Imagine a giant turtle the size of an average car with a shell large enough to double as a kiddie pool.
Paleontologists from North Carolina State University (NCSU) have found just such a specimen -- the fossilized remains of a 60-million-year-old South American giant that lived in what is now Colombia.
The turtle is Carbonemys cofrinii, which means "coal turtle," and is part of a group of side-necked turtles known as pelomedusoides.
The fossil was named Carbonemys because it was discovered in 2005 in a coal mine that was part of northern Colombia's Irrejon formation, the Journal of Systematic Palaeontology reports.
The specimen's skull measures 24 cm, roughly the size of a regulation NFL football. The shell which was recovered nearby -- and is believed to belong to the same species -- measures 172 cms, or about 5 feet 7 inches, long. That's the same height as Edwin Cadena, the NCSU doctoral student who discovered the fossil, according to a North Carolina statement.
"We had recovered smaller turtle specimens from the site. But after spending about four days working on uncovering the shell, I realized that this particular turtle was the biggest anyone had found in this area for this time period -- and it gave us the first evidence of giantism in freshwater turtles," Cadena says.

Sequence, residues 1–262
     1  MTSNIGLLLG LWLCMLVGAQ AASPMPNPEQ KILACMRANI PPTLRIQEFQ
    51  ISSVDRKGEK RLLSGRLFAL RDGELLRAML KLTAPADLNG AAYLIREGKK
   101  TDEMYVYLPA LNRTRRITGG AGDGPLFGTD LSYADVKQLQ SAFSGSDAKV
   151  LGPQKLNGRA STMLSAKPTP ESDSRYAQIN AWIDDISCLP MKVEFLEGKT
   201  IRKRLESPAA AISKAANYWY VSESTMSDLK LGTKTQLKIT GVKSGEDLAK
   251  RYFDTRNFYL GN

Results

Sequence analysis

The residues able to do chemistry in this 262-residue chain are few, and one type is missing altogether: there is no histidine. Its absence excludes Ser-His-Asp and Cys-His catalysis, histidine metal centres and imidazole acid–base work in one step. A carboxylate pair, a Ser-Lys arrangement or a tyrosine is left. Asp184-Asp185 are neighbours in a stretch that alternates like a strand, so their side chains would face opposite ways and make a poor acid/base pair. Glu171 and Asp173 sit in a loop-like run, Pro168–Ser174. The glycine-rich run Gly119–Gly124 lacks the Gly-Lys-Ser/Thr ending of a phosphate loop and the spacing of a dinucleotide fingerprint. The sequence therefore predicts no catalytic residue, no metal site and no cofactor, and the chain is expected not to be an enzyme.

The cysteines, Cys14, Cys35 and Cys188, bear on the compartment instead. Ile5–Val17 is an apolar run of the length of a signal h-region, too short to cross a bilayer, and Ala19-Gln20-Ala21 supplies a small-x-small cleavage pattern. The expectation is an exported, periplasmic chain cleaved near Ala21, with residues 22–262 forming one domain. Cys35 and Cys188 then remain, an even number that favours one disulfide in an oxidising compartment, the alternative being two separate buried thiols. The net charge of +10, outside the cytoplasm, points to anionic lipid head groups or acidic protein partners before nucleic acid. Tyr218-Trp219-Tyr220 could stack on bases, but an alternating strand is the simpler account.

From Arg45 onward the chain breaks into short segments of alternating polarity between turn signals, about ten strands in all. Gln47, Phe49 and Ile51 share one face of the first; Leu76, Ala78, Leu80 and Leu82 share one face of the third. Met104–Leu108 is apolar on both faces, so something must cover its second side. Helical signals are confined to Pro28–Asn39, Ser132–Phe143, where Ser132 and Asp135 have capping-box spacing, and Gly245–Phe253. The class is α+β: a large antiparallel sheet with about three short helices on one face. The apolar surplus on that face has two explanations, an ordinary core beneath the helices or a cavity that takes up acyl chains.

Smaller relatives of Carbonemys existed alongside dinosaurs. But the giant version appeared five million years after the dinosaurs vanished, during a period when giant varieties of many different reptiles -- including Titanoboa cerrejonensis, the largest snake ever discovered -- lived in this part of South America.
Researchers believe that a combination of changes in the ecosystem, including fewer predators, a larger habitat area, plentiful food supply and climate changes, worked together to allow these giant species to survive. Carbonemys' habitat would have resembled a much warmer modern-day Orinoco or Amazon River delta.
In addition to the turtle's huge size, the fossil also shows that this particular turtle had massive, powerful jaws that would have enabled the omnivore to eat anything nearby -- from molluscs to smaller turtles or even crocodiles.
Thus far, only one specimen of this size has been recovered. Dan Ksepka, NC State paleontologist and research associate at the North Carolina Museum of Natural Sciences, believes that this is because a turtle of this size would need a large territory in order to obtain enough food to survive.